Transit Riding Tips from Bus Drivers
Driving a bus is rewarding, but it can also be tough.
Buses are big and our streets are often tight. Most riders are great, but sometimes our drivers have to deal with challenging people. Like many jobs, there is often a lot to juggle and it can be stressful.
Our operators handle it all admirably – we maintain they’re the best in the business – but there are still things you can do to help them out.
We asked several bus drivers what riders could do to make jobs easier. Here’s what they said.
1. Stay near the blue pole while waiting for the bus.
We don’t want to pass you by — we’re here to help you get where you need to go. But if we don’t realize that you want to ride with us, we’re going to pass you by.
All we have to go by is your body language. If you’re standing away from the stop with your back turned to us, we’ll probably assume you’re just a pedestrian and we’ll keep going.
Make it clear to us that you’re waiting for the bus. Stand close to the blue bus stop pole (you can take a few steps back for safety as we pull up). Feel free to give us a wave or thumbs-up sign as we approach, too.
2. Riding in the dark? Use your phone to signal the driver.
If you’ve ever driven on one of our rainy nights, you know how bad visibility can be. If you’re waiting for a bus in the dark — especially if it’s rainy — pull out your phone and wave it around when you see the bus approaching. Even better: Use your phone’s flashlight setting or a strobe light app.
The movement is important — there are a lot of lights on the street but if we see a moving light by the side of the road we know that’s a person trying to signal us. The movement also prevents you from shining the light directly in our eyes, blinding us (not good!).
Seeing riders in the dark is a big challenge for us, so anything you can do to make yourself more visible for us is greatly appreciated.
3. Waiting at a stop where multiple bus lines stop? Signal your intentions to approaching buses.
Keeping on schedule is a big priority. It can be frustrating when we stop to pick up a rider who doesn’t actually want to get on our bus.
If you’re waiting at a stop where several different bus lines stop, signal your intention to the approaching buses. There are a lot of ways you can do this, but probably the easiest and clearest one is a simple thumbs down or thumbs up. Shaking your head “yes” or “no” works too. Don’t be subtle about it — make sure we see it!
4. Have your fare ready
Another thing that can help us keep on schedule? Having your fare ready. Whether it’s cash or Hop or your phone or a contactless credit card, have it out and ready as we pull up. We’ll get everyone on board faster, we’ll get back on the road faster, and you’ll get where you’re going faster.
5. Know your tapping “best practices”
Yet another thing that often slows us down is someone having trouble tapping. Most of the time these issues can be prevented by knowing your tapping “best practices”.
Hold your phone or Hop card over the black rectangle below the screen on the green reader. And hold it still — don’t move it around. Sometimes it takes a moment or two to register, so be patient. If you’re tapping with a phone, know that the transmitter is probably on the top of your phone, so hold that closest to the reader.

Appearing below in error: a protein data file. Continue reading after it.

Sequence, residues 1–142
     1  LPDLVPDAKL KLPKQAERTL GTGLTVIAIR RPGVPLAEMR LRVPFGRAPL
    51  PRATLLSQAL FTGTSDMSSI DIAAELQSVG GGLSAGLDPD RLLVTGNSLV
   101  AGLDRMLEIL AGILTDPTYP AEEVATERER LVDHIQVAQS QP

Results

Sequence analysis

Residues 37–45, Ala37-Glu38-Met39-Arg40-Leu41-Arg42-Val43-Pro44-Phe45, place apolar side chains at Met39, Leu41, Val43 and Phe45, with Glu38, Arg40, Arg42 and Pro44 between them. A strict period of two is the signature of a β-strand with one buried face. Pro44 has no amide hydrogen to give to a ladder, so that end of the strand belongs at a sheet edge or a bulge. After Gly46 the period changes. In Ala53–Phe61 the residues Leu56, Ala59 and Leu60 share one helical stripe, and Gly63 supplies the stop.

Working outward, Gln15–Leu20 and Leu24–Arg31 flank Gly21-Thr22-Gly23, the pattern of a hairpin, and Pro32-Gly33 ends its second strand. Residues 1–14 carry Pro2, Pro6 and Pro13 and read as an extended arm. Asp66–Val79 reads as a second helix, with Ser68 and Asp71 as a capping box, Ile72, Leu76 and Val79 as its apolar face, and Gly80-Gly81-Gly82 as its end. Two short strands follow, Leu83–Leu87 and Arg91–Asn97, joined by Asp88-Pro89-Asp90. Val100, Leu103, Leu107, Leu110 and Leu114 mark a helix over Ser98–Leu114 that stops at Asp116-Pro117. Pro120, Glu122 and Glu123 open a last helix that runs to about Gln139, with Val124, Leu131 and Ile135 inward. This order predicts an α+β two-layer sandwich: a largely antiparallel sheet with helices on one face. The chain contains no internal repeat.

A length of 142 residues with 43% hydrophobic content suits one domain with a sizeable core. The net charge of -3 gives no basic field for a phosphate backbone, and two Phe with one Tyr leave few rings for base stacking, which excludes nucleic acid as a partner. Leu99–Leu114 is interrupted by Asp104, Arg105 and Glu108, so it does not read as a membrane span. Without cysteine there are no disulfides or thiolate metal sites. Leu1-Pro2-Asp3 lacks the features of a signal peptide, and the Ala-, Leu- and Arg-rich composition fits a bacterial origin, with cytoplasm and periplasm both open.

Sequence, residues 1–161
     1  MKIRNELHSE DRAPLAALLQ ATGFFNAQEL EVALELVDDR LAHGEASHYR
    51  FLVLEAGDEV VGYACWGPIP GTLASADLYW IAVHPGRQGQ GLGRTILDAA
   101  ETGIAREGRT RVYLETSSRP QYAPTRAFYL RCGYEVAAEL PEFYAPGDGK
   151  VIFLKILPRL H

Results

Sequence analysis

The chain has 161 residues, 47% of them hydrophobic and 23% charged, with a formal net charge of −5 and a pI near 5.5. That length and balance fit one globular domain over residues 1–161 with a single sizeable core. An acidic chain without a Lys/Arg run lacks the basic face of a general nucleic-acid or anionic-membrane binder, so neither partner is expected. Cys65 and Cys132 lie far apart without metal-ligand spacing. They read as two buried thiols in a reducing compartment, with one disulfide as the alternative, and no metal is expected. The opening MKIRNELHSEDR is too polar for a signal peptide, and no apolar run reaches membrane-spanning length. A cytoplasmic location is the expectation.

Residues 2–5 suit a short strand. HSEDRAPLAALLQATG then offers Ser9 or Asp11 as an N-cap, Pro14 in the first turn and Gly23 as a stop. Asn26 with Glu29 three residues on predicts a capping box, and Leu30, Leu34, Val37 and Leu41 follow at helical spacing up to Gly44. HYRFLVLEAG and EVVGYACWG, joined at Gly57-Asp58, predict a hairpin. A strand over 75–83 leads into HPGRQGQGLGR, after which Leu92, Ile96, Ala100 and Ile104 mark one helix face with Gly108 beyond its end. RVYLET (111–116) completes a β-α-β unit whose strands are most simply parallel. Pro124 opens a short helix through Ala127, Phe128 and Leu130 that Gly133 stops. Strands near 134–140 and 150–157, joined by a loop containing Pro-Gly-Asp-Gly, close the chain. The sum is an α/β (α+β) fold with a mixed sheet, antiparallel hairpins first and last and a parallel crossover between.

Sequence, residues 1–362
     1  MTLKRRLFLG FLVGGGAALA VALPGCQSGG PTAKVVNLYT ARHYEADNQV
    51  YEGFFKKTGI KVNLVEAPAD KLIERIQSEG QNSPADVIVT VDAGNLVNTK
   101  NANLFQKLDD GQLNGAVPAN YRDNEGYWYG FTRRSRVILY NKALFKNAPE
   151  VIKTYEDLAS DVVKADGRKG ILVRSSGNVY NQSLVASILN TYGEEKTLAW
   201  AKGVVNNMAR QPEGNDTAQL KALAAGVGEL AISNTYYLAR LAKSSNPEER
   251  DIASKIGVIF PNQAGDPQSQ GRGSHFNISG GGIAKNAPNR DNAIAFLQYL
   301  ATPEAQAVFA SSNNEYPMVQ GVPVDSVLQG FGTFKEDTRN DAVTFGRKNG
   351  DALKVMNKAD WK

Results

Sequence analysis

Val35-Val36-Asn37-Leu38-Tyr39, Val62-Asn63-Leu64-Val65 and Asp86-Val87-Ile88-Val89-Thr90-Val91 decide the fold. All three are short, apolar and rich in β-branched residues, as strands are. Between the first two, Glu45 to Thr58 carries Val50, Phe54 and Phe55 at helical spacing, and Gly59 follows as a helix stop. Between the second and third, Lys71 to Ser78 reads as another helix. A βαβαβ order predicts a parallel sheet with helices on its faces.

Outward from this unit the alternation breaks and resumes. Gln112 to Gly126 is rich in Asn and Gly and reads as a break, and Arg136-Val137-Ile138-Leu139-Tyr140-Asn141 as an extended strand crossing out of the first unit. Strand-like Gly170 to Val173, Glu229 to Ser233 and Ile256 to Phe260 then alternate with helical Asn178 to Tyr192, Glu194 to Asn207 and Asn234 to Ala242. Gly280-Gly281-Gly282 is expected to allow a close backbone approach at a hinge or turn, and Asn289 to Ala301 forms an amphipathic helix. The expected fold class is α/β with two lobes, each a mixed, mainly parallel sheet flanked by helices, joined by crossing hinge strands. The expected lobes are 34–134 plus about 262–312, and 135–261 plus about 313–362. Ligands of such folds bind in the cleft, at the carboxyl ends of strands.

6. Take care not to fall when the bus starts moving.
Your safety is very important to us. One of the most common ways people get hurt on board transit is falling when the bus starts to move. We try to make sure everyone is seated (or at least holding onto something) when we start but sometimes, especially on a full bus, we can miss someone. Help us keep you safe — hold on to something.
We’ll often call out that the bus is about to start moving, so use that as your signal to grab something. Another hint that a bus is about to move? You’ll feel the bus rising from its kneeling position.
If you’re concerned about falling, it’s always okay to ask the driver to wait until you’re seated before moving.
7. Exit out the front door if you have mobility issues.
We tell riders to exit out the rear door and that’s what you should – it helps speed up buses by allowing people to board and exit at the same time. It also prevents unwanted crowding near the bus operator during the COVID-19 pandemic.
But if you have limited mobility or large and cumbersome bags, it’s okay if you exit out the front. Our buses kneel so the front door is closer to the curb.
Tip: let us know you’d prefer to exit out the front door so we can tell boarding riders to wait until you’re off. We’re happy to help with some “traffic negotiation”!
8. Riding the bus with a bike? Make sure the driver knows when you exit.
There’s a lot going on in a bus. It’s rare but not unheard of for a driver to forget which passengers are the ones with bikes.
Driving off with a bike isn’t good for anyone. And having a rider unexpectedly step in front of a bus to get a bike we didn’t realize is theirs is dangerous. So, help us out. If you came with a bike, give us a shout as you’re about to get off and remind us you need to get your bike.
New to bringing your bike on buses? Here’s a primer.
9. Thank your bus driver!
Yes, we hear you and yes, we appreciate it! Like we said, driving can be stressful. Even a small act like a “thank you!” helps make it worthwhile.
These are all simple things, but they’ll help keep us moving, you safe and will allow everyone to get where they need to go.